Pathophysiological Response to Experimental Diffuse Brain Trauma Differs as a Function of Developmental AgeCernak I. · Chang T. · Ahmed F.A. · Cruz M.I. · Vink R. · Stoica B. · Faden A.I.
aDepartment of Neuroscience, Georgetown University Medical Center, and bPediatrics and Neurology, Children’s National Medical Center, Washington, D.C., cJohns Hopkins University Applied Physics Laboratory Biomedicine Business Area, National Security Technology Department, Laurel, Md., and dShock Trauma and Anesthesiology Research (STAR) Center, University of Maryland School of Medicine, Baltimore, Md., USA; eDepartment of Pathology, University of Adelaide, Adelaide, S.A., Australia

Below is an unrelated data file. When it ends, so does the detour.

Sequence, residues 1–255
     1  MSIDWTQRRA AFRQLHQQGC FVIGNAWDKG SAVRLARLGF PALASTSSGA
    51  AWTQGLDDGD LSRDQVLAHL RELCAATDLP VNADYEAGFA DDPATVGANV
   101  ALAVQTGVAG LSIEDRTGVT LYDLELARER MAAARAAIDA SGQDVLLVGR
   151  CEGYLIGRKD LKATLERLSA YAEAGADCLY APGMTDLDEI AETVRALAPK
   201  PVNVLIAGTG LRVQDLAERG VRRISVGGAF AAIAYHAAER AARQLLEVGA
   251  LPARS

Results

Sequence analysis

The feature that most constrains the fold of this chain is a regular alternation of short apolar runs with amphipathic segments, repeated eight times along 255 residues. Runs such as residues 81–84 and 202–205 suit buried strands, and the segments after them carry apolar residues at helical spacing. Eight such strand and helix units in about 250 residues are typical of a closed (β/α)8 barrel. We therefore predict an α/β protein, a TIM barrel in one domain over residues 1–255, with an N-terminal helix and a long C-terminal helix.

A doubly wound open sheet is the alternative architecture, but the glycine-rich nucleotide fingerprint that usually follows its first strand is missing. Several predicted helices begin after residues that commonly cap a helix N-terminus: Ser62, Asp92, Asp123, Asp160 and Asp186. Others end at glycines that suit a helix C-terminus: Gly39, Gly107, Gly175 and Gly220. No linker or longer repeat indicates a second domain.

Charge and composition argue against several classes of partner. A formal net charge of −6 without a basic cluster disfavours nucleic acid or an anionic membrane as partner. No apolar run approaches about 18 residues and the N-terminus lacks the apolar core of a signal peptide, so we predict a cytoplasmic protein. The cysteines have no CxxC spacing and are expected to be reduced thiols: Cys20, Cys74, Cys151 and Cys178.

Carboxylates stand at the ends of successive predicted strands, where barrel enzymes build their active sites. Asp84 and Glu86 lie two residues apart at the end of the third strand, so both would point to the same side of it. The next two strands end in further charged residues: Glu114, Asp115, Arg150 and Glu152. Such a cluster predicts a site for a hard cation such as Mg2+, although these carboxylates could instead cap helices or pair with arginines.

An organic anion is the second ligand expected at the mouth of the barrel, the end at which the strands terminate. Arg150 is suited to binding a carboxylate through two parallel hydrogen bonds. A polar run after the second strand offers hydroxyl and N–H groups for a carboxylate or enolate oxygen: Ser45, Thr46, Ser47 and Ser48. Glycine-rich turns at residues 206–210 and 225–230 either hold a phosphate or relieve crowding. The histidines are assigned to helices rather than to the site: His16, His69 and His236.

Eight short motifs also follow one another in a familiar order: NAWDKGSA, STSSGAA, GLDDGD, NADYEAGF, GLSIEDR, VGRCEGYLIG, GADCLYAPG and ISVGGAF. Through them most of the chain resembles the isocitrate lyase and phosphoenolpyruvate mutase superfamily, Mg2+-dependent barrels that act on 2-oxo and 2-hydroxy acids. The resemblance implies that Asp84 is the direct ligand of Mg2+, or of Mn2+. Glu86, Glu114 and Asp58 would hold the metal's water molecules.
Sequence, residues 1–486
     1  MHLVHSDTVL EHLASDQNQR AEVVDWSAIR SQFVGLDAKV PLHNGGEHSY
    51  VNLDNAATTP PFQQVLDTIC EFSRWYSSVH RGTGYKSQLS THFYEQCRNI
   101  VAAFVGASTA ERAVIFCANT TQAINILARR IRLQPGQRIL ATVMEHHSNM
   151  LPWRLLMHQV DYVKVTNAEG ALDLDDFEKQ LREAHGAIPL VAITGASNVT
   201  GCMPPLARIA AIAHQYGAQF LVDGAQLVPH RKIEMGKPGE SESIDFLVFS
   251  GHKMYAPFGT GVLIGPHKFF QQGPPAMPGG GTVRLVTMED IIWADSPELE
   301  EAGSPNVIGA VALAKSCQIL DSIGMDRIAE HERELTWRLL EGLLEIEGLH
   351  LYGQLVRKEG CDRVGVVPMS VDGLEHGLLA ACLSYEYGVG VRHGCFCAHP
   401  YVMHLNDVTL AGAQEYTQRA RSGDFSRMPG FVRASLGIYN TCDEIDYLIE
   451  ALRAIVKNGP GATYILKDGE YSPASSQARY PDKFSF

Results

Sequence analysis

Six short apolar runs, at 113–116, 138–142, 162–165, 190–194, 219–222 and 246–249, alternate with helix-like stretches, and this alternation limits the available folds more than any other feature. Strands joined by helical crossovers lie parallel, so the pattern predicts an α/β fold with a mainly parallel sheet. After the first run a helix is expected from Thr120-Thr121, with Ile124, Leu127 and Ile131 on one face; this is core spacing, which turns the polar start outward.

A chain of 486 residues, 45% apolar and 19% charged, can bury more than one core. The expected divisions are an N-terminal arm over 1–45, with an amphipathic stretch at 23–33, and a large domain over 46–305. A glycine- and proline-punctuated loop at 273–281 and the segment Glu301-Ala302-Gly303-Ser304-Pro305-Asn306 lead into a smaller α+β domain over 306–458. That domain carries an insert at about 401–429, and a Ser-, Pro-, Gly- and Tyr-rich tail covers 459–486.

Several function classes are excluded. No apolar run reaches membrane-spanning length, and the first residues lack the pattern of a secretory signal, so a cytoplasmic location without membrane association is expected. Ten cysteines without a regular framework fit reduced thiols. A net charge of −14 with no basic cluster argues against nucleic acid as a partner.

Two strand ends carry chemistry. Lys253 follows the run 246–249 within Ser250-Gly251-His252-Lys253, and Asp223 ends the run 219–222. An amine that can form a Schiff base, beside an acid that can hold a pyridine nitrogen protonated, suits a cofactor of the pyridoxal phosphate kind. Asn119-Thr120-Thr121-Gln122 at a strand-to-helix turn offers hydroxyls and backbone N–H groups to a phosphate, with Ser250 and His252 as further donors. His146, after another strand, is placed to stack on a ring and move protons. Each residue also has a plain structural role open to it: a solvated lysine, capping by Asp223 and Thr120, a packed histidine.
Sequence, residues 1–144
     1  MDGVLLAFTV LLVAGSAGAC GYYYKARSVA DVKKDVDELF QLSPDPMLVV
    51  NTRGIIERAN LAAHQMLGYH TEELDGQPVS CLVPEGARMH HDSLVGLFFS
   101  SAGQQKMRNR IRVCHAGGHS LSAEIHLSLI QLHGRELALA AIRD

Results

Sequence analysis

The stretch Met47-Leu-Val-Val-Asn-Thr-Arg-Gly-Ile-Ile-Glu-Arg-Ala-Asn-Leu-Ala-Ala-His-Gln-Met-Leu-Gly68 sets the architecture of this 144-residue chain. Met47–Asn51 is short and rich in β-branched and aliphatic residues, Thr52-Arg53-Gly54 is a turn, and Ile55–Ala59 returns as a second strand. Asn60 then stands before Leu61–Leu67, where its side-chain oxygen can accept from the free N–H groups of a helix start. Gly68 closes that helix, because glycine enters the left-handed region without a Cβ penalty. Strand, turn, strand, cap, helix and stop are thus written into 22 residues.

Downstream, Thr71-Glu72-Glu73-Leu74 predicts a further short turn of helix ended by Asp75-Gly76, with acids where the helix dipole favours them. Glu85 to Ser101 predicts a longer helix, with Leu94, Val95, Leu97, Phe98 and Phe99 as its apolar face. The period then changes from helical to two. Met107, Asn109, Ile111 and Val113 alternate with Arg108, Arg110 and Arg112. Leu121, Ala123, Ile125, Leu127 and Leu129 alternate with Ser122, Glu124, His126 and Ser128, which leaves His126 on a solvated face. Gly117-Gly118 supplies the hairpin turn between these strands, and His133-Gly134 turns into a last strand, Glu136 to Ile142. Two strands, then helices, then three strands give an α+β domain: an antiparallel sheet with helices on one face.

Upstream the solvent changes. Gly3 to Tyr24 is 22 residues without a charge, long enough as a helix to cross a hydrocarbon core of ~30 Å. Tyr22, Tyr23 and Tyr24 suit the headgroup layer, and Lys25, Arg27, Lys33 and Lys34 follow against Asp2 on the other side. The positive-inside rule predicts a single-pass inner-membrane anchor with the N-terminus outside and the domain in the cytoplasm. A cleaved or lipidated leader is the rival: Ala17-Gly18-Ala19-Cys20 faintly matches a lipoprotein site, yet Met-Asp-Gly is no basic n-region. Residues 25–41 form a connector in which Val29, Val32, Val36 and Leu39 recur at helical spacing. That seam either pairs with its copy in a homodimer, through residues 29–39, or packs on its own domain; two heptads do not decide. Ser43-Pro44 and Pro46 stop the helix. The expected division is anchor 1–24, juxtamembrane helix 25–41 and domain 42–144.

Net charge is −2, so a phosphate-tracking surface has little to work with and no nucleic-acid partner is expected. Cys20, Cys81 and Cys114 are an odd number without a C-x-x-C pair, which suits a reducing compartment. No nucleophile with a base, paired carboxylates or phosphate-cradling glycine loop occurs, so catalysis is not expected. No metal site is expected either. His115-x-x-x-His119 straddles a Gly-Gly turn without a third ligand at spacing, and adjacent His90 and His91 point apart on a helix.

The purpose of experimental models of traumatic brain injury (TBI) is to reproduce selected aspects of human head injury such as brain edema, contusion or concussion, and functional deficits, among others. As the immature brain may be particularly vulnerable to injury during critical periods of development, and pediatric TBI may cause neurobehavioral deficits, our aim was to develop and characterize as a function of developmental age a model of diffuse TBI (DTBI) with quantifiable functional deficits. We modified a DTBI rat model initially developed by us in adult animals to study the graded response to injury as a function of developmental age – 7-, 14- and 21-day-old rats compared to young adult (3-month-old) animals. Our model caused motor deficits that persisted even after the pups reached adulthood, as well as reduced cognitive performance 2 weeks after injury. Moreover, our model induced prominent edema often seen in pediatric TBI, particularly evident in 7- and 14-day-old animals, as measured by both the wet weight/dry weight method and diffusion-weighted MRI. Blood-brain barrier permeability, as measured by the Evans blue dye technique, peaked at 20 min after trauma in all age groups, with a second peak found only in adult animals at 24 h after injury. Phosphorus MR spectroscopy showed no significant changes in the brain energy metabolism of immature rats with moderate DTBI, in contrast to significant decreases previously identified in adult animals.
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